A skin expert reveals what can be growing in your gut, and it’s seriously gross

1 min read
Kendall Jenner

Ew. Just ew.

As you're probably well aware by the constant stream (literally, constant) of articles on the topic, recent studies have shown the direct influence gut health can have on mental health. In addition to the obvious symptoms of bloating, pain, and constipation, a bad gut can also exacerbate anxiety and depression. 

To put it simply, having a poor gut is not ideal. But, not to fear, there are things we can do to actively better it. Though, before we get to those, we wanted to find out how bad an unhealthy gut can get. No surprise there – very.

According to Debbie Dickson, Australia’s Director of Education at leading skin clinic DMK, western diets and lifestyle medications are to blame. 

"It's very common for people to have bad bacteria overloads and fungal overgrowth in the gut. We can also get parasites, like worms that are usually from ingesting the microscopic parasite eggs, and the most commons way we contract these is from water."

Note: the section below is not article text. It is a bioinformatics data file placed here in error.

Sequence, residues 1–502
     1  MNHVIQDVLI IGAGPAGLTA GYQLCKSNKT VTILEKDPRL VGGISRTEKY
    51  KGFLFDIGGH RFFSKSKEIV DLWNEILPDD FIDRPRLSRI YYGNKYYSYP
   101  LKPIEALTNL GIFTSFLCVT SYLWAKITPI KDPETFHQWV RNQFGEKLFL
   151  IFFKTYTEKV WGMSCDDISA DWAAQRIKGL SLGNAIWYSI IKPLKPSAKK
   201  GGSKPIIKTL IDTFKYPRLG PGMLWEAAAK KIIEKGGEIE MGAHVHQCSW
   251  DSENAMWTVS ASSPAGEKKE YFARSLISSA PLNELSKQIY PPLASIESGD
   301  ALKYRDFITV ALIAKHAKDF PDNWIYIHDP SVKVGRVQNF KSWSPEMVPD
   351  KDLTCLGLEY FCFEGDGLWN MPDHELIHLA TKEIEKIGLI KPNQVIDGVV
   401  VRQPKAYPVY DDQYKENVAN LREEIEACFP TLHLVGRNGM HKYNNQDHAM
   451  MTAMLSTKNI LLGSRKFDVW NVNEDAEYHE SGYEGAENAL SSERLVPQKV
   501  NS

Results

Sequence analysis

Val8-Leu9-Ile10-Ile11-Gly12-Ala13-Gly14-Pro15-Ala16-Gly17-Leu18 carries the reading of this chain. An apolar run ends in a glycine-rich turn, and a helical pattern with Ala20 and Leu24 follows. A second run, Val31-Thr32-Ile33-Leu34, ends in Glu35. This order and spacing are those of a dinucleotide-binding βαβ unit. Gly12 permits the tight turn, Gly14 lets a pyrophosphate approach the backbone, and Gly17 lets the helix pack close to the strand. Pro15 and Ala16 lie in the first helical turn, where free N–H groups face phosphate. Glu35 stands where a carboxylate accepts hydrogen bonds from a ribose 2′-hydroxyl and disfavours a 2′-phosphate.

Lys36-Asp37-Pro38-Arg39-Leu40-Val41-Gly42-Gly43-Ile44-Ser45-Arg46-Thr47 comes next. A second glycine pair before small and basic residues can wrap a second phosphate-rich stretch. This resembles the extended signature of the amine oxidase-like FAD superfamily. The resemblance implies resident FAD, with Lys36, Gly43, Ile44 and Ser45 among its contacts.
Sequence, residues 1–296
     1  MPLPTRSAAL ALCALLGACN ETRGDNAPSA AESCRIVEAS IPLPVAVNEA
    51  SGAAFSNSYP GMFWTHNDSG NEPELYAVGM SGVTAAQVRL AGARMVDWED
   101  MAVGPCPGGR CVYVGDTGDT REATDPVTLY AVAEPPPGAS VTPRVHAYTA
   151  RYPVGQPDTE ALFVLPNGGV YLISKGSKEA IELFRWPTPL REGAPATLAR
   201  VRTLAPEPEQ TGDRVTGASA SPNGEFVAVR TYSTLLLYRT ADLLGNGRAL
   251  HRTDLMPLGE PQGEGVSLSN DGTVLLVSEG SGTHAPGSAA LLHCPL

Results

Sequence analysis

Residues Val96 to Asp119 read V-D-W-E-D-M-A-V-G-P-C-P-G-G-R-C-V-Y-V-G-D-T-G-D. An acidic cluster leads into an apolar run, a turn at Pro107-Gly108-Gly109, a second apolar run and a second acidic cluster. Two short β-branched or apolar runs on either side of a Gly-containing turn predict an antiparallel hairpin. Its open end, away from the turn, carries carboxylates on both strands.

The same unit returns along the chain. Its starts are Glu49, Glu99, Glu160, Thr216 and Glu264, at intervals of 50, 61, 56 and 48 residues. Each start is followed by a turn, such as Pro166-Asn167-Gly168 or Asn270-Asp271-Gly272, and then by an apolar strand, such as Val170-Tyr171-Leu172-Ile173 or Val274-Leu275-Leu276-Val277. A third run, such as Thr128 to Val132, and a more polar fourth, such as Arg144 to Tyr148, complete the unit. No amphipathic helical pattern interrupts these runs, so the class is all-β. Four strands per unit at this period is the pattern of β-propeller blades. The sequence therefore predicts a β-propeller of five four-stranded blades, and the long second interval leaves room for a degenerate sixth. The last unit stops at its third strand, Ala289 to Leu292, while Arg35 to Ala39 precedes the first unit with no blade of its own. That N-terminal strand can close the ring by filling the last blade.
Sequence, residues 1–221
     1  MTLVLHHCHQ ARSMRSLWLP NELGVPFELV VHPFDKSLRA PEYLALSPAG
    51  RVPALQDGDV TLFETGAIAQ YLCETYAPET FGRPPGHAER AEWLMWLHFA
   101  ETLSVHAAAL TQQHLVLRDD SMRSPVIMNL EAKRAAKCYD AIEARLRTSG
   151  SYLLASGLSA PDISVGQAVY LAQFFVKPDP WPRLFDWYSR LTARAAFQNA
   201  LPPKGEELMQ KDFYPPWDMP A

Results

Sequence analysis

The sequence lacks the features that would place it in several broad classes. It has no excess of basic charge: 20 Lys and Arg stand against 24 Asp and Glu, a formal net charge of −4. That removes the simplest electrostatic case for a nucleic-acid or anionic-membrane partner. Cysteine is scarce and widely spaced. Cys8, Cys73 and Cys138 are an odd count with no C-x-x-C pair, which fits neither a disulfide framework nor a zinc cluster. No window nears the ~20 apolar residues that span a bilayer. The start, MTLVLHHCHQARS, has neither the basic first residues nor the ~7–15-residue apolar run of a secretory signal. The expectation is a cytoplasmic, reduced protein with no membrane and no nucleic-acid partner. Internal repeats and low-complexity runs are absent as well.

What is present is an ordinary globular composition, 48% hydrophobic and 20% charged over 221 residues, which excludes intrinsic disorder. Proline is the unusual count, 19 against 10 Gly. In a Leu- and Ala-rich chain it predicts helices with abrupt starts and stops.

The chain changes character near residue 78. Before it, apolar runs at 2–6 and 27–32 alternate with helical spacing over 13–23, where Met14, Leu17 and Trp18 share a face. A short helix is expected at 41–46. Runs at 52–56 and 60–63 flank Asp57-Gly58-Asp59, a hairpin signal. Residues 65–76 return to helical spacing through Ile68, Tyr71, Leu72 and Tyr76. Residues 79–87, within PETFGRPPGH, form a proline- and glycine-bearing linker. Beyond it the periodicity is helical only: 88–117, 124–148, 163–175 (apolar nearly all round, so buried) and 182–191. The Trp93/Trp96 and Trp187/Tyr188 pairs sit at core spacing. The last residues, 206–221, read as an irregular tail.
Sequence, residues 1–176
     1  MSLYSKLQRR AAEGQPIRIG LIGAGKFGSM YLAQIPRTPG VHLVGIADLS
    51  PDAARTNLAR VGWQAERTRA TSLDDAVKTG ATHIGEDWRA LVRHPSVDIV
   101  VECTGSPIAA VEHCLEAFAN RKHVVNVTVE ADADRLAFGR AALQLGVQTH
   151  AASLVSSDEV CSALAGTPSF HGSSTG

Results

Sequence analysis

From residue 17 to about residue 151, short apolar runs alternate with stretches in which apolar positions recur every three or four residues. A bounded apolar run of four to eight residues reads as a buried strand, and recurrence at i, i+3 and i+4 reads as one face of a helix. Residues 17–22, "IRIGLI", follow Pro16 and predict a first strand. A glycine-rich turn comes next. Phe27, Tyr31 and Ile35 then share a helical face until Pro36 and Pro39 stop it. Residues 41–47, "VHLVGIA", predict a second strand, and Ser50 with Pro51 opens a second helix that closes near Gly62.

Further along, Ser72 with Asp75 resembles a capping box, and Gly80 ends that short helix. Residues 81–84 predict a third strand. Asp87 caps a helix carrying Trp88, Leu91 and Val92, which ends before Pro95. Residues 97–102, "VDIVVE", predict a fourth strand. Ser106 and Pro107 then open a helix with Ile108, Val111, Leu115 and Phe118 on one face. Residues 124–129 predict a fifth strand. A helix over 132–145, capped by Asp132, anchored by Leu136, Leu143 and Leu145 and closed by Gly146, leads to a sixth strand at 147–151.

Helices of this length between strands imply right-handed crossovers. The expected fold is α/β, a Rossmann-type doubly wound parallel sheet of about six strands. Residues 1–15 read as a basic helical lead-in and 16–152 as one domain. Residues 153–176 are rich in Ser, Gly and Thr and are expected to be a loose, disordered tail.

Other common ways parasites can be contracted, Debbie says, are from overseas travel, pets, uncooked meat, and unwashed fruit and vegetables. Bottom line: it's extremely easy to contract a parasite.

To ensure your gut is at its best, Debbie suggests cutting down on sugar as it feeds the bad bacteria and fungal overload, along with any genetically modified foods such as gluten, soy, alcohol, and dairy. 

"The best diet is to eat as fresh and clean as possible, and to avoid pre-packaged foods." 

Fresh veggies, protein, fermented vegetables, sauerkraut, kombucha and apple cider vinegar are great to consume as they help to produce more stomach acid, essential for good gut health.

If you think you're suffering from any of the symptoms of an unhealthy gut, she also suggests trying Regul8 Digestive Tune-Up, a three-step program she developed that cleanses, soothes and repairs the gastrointestinal system. It works to eliminate unwanted organisms, repairs any existing irritations and, finally, maintains the rebalance of good bacterial cultures.  

Written By Sangeeta Kocharekar